We 'Ced Youth Media
Merced's youth voice


 
Posts Tagged ‘mental health’
 

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California Youth Weigh In: Mental Health

Posted May 18, 2017 by Hannah Esqueda

(This post originally appeared on theknowfresno.org and represents a collection of youth voices from YouthWire and partner media groups throughout the state. Special thanks to The kNOw Youth Media Program Manager and Editor, Kody Stoebig.) Editor’s Note: May is Mental Health Awareness Month. Since 1949, May has been dedicated to educating the public about the reality of […]

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Five Reasons Why ‘13 Reasons Why’ Is Harmful to Young People

Posted May 18, 2017 by Hannah Esqueda

Above: Recently released on Netflix, “13 Reasons Why” has drawn criticism for its portrayal of mental health issues as they affect teens.  By Aaliyah Jensen Editor’s Note: According to the Center for Disease Control, suicide is the second leading cause of death for people aged 10 to 24. Youth reporter shares her reaction to the […]

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Merced mental health community working to build awareness for youth services

Posted May 11, 2017 by Hannah Esqueda

This recent spike builds upon an older trend of Merced’s youth reporting higher-than-average rates of depression or hopelessness. According to 2011-2013 data from online research tool Kidsdata, minority teens in Merced County report feelings of depression at higher rates than statewide peer groups. The numbers are based on responses from 7th, 9th and 11th grade students who reported feeling sad or hopeless almost every day for two weeks or more.

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#RecoveryinMerced: Residents say more resources needed for Substance Abuse Recovery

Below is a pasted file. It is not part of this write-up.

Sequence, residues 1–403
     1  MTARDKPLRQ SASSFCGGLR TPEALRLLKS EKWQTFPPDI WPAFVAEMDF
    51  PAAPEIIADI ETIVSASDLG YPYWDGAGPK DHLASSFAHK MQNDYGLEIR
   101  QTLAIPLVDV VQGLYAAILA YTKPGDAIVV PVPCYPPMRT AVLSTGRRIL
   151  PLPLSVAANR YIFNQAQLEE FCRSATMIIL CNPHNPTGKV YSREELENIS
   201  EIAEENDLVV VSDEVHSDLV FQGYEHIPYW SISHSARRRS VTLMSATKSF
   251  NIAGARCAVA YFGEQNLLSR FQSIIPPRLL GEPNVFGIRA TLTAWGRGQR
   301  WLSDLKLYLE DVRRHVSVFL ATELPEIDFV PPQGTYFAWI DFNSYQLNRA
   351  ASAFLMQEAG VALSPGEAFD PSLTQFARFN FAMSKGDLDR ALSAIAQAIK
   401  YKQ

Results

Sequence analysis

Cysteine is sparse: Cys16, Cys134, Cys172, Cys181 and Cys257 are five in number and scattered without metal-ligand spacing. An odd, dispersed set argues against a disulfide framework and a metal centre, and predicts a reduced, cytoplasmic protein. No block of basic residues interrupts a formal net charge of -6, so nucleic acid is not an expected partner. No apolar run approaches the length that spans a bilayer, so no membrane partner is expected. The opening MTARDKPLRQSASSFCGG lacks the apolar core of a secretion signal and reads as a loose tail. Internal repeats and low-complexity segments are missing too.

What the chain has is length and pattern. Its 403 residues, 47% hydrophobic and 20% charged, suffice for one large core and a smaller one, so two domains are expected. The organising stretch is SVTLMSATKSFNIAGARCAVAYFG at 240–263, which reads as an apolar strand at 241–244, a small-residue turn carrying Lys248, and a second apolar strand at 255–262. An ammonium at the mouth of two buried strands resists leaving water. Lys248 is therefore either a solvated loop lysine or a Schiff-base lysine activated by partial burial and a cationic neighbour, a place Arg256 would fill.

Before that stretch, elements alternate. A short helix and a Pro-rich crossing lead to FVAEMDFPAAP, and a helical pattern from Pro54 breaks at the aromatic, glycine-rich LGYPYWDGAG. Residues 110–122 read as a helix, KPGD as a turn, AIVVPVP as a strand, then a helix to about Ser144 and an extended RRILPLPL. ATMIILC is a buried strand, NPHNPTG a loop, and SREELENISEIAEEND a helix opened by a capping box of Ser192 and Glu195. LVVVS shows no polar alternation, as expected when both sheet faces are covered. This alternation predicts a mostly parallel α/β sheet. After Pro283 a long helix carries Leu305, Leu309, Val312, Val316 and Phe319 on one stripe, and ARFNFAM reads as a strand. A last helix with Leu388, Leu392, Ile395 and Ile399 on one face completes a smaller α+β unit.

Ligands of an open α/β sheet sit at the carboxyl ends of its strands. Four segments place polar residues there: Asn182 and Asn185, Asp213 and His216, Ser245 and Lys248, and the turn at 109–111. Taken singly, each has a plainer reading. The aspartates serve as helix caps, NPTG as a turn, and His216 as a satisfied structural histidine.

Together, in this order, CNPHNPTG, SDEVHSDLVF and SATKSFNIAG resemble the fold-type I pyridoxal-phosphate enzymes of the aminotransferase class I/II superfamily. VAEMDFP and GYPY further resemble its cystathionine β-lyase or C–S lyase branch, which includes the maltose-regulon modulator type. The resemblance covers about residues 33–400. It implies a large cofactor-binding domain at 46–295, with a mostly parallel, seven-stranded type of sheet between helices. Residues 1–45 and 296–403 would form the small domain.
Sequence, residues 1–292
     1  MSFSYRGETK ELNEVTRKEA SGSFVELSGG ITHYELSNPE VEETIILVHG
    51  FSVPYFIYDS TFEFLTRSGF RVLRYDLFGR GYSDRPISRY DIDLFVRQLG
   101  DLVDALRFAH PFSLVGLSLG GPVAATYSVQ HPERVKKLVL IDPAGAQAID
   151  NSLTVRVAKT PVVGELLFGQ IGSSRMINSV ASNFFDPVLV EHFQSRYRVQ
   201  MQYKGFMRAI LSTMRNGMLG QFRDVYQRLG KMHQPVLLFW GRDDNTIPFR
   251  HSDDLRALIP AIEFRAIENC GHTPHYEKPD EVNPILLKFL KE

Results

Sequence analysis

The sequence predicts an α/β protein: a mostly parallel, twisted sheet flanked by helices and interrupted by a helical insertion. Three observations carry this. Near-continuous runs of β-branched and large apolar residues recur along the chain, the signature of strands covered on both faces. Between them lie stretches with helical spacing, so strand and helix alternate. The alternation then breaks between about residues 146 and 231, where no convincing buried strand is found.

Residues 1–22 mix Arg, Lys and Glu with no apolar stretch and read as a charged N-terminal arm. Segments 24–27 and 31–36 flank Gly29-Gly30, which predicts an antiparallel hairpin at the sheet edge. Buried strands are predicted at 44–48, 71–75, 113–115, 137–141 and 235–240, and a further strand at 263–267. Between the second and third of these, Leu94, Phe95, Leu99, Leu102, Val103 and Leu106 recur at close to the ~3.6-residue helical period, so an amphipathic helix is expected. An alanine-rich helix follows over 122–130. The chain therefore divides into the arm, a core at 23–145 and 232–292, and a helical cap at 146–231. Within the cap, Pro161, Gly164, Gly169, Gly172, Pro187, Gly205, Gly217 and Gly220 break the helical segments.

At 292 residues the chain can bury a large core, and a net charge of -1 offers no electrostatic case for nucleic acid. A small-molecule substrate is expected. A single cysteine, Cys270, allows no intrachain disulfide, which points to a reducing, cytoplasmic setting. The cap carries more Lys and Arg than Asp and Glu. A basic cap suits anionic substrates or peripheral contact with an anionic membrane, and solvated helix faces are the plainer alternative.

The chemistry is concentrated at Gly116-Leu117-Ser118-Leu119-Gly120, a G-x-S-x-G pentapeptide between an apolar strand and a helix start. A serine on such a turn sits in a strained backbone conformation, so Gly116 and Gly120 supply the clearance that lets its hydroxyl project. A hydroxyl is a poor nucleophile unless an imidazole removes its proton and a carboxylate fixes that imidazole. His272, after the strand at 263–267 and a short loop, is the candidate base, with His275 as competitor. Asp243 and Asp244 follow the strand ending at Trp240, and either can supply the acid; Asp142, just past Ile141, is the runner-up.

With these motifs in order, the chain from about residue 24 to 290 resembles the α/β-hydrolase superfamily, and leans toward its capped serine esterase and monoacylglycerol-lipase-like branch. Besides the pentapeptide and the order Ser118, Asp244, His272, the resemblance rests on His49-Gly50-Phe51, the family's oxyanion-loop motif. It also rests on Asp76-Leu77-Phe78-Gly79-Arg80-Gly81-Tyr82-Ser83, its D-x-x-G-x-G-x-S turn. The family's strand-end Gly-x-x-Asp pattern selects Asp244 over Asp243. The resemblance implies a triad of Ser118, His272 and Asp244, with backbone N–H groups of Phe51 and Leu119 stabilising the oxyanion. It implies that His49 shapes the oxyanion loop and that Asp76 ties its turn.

Posted February 7, 2017 by Hannah Esqueda

Longtime residents in the City of Merced are quick to comment on the rapid decay seen in some neighborhoods around town. The blight — often a result of drug use and related activities — is concentrated in South Merced, near Highway 99 where many of the city’s low-income and minority communities have historically lived.

“If you don’t know about 16th Street, that’s where all the prostitutes are, that’s where everything that you don’t ever want your children to see, happens,” Anna said.

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Mental Health

Schizophrenia: It’s the disease, not the person

Posted September 30, 2016 by We'Ced

He was always super fun to be around, one of the kindest and open-minded people I knew, but then he changed. I remember the last day I saw him he was a completely different person. He was unrecognizable. No longer happy. Always mad. I could not understand why he didn’t want to be himself anymore.

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